How does the classroom environment make a difference in a student's learning? First, there are traditional and nontraditional learning environments. Traditional means the established or customary institutional structures for educating students. An example of a traditional learning environment is one in which the teacher lectures to provide information and then utilizes an objective evaluation to measure learning. An extreme example of a traditional learning environment has all seats facing the front of the class where the teacher sits behind a desk and lectures about the classics. Some scholars argue that traditional academic structures may not promote learning consistent with self-directed learning. Conversely, nontraditional learning environments are often referred to as self-directed collaborative learning environments. These classrooms shift the image of the instructor who knows everything to the students who have some input and share their own knowledge, in addition to learning the instructor's findings.
The best learning venue likely varies among students, since learning preferences differ among learners. For example, the typical traditional classroom may be more appropriate for the learner who needs more direction than an independent learner (who may be successful working alone in a video-based, distance-learning program). On the other hand, a student with disabilities may need accommodations and modifications in a regular classroom, intensive instruction in a small group setting for a single period, or a parallel curriculum in a self-contained classroom. Learners must determine the best environment to achieve their educational goals; metacognition and self-determination are necessary skills for students to possess in order to make this determination.
In the online program for a Master of Education in Special Education, consider the characteristics of online learning, theories of learning, and the content and activities of the lessons, all of which must come together to provide an opportunity for mastery of program objectives. Program objectives are based on the National Board for Professional Teaching Standards: Early Childhood Through Young Adulthood/Exceptional Needs Specialist Standards (n.d.). Online learning provides limitless resources for gathering and assessing information along with endless opportunities for communicating and collaborating among colleagues in a structured format. The student is learning content in the lesson, demonstrating mastery of content in lesson assignments, and applying and practicing skills in lesson activities. Consequently, the student masters the National Board for Professional Teacher Standards: Early Childhood Through Young Adulthood/ Exceptional Needs Specialist Standards (n.d.) â€" the ultimate goal of the program itself. Such resources and opportunities are essential tools for the special educator, who is continually learning and professionally collaborating. Theories of learning guide the special educator in creating a learning environment responsive to the individual needs of students with disabilities. The intent of professional standards is to identify skills to guide special educators in creating a learning environment governed by learning theories to promote student achievement.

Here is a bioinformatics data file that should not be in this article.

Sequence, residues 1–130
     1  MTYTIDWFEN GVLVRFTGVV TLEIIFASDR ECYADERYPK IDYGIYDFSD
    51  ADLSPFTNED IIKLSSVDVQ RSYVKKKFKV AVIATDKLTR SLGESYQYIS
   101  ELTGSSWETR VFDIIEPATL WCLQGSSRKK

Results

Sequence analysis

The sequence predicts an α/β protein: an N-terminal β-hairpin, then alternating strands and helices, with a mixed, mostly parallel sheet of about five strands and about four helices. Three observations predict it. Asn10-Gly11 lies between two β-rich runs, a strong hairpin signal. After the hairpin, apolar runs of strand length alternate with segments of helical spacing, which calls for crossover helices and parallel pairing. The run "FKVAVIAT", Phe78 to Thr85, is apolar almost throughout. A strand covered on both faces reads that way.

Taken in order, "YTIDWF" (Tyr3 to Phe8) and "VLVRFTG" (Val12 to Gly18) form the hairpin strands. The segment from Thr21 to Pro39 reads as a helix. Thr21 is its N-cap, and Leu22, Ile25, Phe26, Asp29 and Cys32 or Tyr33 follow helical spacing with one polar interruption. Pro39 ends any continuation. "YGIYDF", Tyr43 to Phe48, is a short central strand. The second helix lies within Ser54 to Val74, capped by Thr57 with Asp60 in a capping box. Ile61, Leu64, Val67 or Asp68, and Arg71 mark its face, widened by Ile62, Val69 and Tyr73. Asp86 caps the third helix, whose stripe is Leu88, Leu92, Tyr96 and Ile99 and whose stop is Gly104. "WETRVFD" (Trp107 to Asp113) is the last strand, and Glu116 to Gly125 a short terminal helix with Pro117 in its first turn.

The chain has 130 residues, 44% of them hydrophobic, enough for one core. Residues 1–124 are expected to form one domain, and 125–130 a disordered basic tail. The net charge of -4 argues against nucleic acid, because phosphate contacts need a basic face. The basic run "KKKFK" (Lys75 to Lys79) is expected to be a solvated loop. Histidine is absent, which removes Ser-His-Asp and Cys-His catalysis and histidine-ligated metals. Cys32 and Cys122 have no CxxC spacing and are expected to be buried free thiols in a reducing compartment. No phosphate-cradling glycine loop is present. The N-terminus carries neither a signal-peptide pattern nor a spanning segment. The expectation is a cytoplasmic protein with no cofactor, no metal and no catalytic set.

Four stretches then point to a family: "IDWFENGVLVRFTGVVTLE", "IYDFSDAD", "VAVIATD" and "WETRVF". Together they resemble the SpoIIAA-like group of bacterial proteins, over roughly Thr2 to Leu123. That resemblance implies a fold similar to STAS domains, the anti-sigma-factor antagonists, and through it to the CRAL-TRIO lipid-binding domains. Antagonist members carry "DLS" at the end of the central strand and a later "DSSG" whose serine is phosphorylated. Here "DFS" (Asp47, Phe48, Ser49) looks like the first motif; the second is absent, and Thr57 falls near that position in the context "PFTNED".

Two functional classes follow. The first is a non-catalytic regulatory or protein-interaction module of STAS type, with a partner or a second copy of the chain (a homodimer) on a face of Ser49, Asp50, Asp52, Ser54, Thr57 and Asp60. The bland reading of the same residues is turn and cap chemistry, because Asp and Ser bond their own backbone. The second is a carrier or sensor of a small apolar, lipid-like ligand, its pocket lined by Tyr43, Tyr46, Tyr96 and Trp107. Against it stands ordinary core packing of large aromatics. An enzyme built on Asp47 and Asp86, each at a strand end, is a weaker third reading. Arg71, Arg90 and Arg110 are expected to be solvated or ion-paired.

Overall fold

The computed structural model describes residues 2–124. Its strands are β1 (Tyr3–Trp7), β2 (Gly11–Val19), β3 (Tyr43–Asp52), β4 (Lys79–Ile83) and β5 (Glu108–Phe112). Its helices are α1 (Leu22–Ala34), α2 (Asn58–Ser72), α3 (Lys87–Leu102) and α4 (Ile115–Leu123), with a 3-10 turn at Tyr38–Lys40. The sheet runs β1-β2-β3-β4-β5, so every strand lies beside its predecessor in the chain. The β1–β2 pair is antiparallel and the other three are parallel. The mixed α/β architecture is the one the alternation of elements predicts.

Which learning theories and environments contribute most to learning achievement? Special educators assess students' development by collecting and evaluating information about student academic and behavioral strengths and deficits. This assessment is strengthened when characteristics of the environment that enhance or inhibit student learning are explored and when resources and strategies that make learning possible are utilized. This information makes educational decisions possible. Those in this program must make educational decisions. Students have collected and evaluated information, defined traditional and nontraditional learning environments, identified theories and strategies that will help improve quality learning, and demonstrated how to utilize theories and strategies to create a beneficial educational environment.
Adler, M. J., & Van Doren, G. (1988). Reforming education: The opening of the American mind. New York: Macmillan.
Bandura, A. (2008). Social learning theory: Theory into practice database. Retrieved October 1, 2008 from http://tip.psychology.org/
Bruner, J. (2008). Constructivist theory: Theory into practice database. Retrieved October 1, 2008, from http://tip.psychology.org/
Gutek, G. L. (1997). Philosophical and ideological perspectives on education (2nd Ed.). Boston: Allyn and Bacon.
National Board for Professional Teaching Standards (n.d.). Early childhood through young adulthood/Exceptional needs specialist standards. Retrieved August 24, 2008, from www.nbpts.org/index.cfm?t=downloader.cfm&id=605
Rogers, C. (2008). Experiential learning: Theory into practice database. Retrieved October 1, 2008 from http://tip.psychology.org/
Skinner, B. F. (2008). Operant Conditioning: Theory into practice database. Retrieved October 1, 2008 from http://tip.psychology.org/
Vygotsky, L. (2008). Social development theory: Theory into practice database. Retrieved October 1, 2008 from http://tip.psychology.org/